Since I had been sick the last few weeks, I had been camped out on the couch and watching a lot of TV. Confession – I love reality shows. One particular show I was watching had cameras set up in the homes of three families at turning points in their lives, and of course, let the drama unfold.

One of the families had very devout Christian parents, and every time their kids misbehaved, they blamed it on the devil. Even the kids said it was the devil. The kids were young but I think they realized they had a very easy excuse.

This annoyed the crap out of my husband. My daughter was in the same room and my husband decided to have a talk about personal responsibility right then and there.

My husband told my daughter if she bullied someone at recess that that was on her. It’s not the devil and you have to take responsibility for it.

But my husband also acknowledged the flip side. My daughter is a talented artist, and he told her if she won an art contest, that’s all her. God does not deserve credit. She did that. 

Have you ever had a conversation like this with your kids?

She seemed to grasp what we were saying, but just a few minutes later, she was helping my husband carry some laundry up from the basement and she said it was heavy – like carrying the cross. Where the hell did that come from?

My husband thought she saw something on TikTok.

Here’s where I have a couple of questions. I’ve brought this up before – do you always supervise your children when they’re watching videos online? And how do you do that? My husband and I are not fans of censorship and we certainly don’t want our daughter to be sheltered or naive.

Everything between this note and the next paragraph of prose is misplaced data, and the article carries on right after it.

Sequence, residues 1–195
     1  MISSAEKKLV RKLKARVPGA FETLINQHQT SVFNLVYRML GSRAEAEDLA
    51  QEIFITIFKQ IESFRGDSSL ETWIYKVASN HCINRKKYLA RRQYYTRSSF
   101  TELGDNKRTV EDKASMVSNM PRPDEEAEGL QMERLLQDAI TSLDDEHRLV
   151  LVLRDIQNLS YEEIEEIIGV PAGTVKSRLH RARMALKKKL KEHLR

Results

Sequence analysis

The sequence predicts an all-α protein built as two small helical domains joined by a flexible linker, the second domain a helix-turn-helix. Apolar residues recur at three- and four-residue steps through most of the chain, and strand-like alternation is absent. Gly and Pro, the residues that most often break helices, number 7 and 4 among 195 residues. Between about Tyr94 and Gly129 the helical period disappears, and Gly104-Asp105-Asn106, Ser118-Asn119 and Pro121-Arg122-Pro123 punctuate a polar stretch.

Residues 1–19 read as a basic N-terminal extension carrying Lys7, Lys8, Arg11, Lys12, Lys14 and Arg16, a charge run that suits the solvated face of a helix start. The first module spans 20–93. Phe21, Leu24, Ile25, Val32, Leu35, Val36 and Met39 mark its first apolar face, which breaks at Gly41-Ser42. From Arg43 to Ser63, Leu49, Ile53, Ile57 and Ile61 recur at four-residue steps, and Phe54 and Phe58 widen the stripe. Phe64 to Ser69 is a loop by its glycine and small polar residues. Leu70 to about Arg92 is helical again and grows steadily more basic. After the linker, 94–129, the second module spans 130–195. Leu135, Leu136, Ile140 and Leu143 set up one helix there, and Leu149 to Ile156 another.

When it comes to belief or nonbelief, we don’t want to push our daughter into anything. We just want her to ask questions and think for herself. Obviously, we don’t want others pushing her into anything either.

Maybe this is all easier said than done, especially considering we live in a conservative area. How have other parents approached this subject?

We have bought a couple of David McAfee books, but I’m afraid they still might be a little over her head. Do any other parents have experience with these books?

I apologize for the rambling. This post started out about personal responsibility but so much more came up the night we had the discussion with my daughter. I would love to hear from other parents/guardians/relatives – anyone taking care of littles. How have you dealt with these topics?

The Confessions of a Mother

My daughter is the best thing that’s ever happened to me. When she entered the world seven years ago she changed everything. However, the stress of motherhood was more than I could have ever imagined. There was no way I could have known what this felt like beforehand and when my baby was born I was jumping in head first. No turning back. Nothing will ever be the same. 

Sometimes it’s a relief to know that I’m not alone – there are other parents around me all the time – but I’ve learned that also means everyone has an opinion. Mommy shaming is real and sometimes I wonder if I’m doing things because I think it’s what’s best for my daughter or because I think people will judge me if I don’t.